Since the beginning of 2020, we had been searching for the wreck of the German steamboat Karlsruhe, the last ship to leave Pilawa (the port of Königsberg) before the Russian occupation of East Prussia.
Karlsruhe was an old small ship, but in those days, any ship capable of evacuating people to the west was important. She set off on her last voyage under extreme tight security with quite a heavy load as for this ship. The wreck rests several dozen kilometres north of Ustka at a depth of 88 metres. It is virtually intact. In her cargo holds we discovered military vehicles, porcelain and many chests with so far unknown contents.
This discovery may provide groundbreaking information on the disappearance of the legendary Amber Room, because it was in Königsberg where she was seen for the last time. From there, the Karlsruhe steamer sailed out on her final voyage with a large cargo.
Karlsruhe is the ship that, after Gustloff, Goya and Steuben, was the next ship to take part in Operation Hannibal, the largest maritime evacuation in history. Thanks to this operation, at the end of the war, the Germans transferred some 2 million refugees from East Prussia to the west.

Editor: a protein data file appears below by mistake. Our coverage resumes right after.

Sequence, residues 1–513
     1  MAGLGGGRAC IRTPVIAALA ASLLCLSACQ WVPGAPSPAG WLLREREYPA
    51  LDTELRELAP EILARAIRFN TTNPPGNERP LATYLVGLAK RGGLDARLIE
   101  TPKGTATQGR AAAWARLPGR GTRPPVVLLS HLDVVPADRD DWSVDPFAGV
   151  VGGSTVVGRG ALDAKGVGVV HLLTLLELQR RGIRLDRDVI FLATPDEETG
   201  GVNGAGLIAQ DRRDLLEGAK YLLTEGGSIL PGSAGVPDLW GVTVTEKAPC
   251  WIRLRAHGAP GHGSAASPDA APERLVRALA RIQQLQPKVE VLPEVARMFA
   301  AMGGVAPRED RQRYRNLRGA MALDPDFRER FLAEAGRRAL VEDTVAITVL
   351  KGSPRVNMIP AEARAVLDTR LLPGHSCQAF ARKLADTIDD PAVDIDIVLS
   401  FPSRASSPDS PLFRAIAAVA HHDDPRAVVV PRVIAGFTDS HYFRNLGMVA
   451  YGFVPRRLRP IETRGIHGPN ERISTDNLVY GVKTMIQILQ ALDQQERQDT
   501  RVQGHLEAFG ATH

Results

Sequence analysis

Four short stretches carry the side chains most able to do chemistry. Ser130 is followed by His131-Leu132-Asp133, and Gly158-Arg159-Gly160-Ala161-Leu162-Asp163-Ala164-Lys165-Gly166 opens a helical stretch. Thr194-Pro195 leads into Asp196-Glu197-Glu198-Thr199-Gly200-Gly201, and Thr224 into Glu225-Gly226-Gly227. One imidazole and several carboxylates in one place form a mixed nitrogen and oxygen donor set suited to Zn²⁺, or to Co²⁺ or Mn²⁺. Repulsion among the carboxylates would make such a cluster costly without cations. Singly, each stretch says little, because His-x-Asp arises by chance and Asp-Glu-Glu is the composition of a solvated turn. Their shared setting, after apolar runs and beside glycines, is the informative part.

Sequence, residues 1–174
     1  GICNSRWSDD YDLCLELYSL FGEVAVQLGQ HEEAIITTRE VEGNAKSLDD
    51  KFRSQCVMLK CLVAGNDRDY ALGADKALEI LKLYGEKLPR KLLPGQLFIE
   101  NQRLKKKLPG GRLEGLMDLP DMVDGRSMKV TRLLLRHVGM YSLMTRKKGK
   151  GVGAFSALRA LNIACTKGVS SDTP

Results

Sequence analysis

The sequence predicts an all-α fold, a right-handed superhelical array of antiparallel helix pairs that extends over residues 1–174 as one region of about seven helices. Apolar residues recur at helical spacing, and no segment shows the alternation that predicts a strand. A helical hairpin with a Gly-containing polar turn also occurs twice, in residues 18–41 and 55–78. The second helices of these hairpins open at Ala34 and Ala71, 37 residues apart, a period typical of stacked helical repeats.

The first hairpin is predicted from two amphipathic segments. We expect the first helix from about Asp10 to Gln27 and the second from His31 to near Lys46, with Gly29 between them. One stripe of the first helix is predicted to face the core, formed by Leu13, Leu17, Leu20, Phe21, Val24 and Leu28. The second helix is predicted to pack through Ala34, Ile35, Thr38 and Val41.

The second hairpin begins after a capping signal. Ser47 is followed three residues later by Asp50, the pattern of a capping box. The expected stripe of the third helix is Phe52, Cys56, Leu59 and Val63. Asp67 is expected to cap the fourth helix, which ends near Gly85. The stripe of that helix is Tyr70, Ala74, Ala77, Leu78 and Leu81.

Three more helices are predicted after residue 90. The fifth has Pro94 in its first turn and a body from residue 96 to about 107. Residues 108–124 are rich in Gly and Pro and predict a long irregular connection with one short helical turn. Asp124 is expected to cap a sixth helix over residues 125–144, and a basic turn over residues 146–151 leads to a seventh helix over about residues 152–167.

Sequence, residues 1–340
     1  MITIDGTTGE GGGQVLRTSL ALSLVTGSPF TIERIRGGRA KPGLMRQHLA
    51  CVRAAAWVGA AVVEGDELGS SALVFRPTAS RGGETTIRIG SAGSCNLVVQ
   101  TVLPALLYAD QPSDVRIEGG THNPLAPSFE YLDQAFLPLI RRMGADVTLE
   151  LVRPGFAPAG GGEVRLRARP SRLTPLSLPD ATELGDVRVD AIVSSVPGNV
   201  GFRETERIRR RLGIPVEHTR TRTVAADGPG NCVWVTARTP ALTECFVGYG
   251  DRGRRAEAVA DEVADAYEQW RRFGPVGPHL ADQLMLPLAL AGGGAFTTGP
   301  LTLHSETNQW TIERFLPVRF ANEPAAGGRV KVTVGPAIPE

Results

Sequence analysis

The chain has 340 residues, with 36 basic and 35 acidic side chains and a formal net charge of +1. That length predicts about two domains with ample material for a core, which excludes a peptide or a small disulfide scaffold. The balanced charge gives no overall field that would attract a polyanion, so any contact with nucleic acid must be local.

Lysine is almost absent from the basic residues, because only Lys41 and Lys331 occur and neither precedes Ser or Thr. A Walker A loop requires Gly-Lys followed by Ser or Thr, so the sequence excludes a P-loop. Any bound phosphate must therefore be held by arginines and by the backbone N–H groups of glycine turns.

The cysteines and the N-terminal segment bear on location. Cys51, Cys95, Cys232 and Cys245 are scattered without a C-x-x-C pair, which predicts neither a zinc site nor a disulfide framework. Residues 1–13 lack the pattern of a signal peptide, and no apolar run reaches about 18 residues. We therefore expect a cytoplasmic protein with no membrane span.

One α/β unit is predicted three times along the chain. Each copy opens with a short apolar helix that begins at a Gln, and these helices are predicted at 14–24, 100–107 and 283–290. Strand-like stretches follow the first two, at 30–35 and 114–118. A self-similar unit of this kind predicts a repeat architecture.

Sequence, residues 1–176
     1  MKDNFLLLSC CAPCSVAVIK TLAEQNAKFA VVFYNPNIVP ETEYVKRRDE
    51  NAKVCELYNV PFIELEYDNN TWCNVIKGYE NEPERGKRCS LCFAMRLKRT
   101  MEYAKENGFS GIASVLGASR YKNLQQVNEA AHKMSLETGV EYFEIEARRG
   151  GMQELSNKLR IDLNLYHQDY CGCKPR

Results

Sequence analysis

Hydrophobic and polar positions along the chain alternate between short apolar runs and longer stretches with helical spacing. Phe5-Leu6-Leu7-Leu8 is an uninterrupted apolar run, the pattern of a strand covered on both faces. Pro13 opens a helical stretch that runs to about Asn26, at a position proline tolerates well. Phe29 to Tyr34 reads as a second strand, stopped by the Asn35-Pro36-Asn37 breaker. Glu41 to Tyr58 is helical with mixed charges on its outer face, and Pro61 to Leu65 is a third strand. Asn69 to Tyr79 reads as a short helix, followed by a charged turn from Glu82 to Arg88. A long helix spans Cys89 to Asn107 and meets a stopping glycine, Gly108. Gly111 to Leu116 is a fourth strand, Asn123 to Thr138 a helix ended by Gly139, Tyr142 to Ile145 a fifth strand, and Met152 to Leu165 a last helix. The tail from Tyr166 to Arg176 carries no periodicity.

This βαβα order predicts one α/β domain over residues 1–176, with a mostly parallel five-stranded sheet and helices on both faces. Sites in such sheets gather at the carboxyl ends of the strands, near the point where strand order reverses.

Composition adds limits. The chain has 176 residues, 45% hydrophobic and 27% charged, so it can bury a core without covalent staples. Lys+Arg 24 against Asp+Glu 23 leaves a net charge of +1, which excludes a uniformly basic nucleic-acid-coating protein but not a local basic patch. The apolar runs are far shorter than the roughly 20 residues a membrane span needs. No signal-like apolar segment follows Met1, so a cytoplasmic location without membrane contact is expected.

We had been looking for his wreck for over a year now, when we realised that this could be the most interesting, undiscovered history from the bottom of the Baltic. The final identification took place during our next dive on 24 September 2020.
SS Karlsruhe was built at G. Seebeck Bremerhaven shipyard in 1905.Dimensions: Length - 66.3 m / Width - 10.1 m / Draught - 3.6 m / Load displacement - 897 tons
On that last voyage she set off from Pilawa (the port of Königsberg) on 11 April 1945. There were 150 soldiers of the "Herman Gornig" regiment, 25 railway workers and 888 refugees on board. Along with the crew there was a total of 1,083 people. The ship also took 360 tons of "returnable goods" in uneven crates; and military vehicles. A convoy consisting of four freighters and three minesweepers was formed right before the Hel Peninsula. This convoy left the roadstead of Hel on April 12 in the evening but on the morning of 13 April, it was detected by Soviet planes that attacked Karlsruhe and sank it. The ship went down within three minutes with its entire cargo. Only some 100 people were saved. The position of the attack was imprecise, and the location of the wreck's resting place was unknown- until recently.
Later this year, during an expedition with Maritime Office and the National Maritime Museum, we will have the opportunity to look into them once again.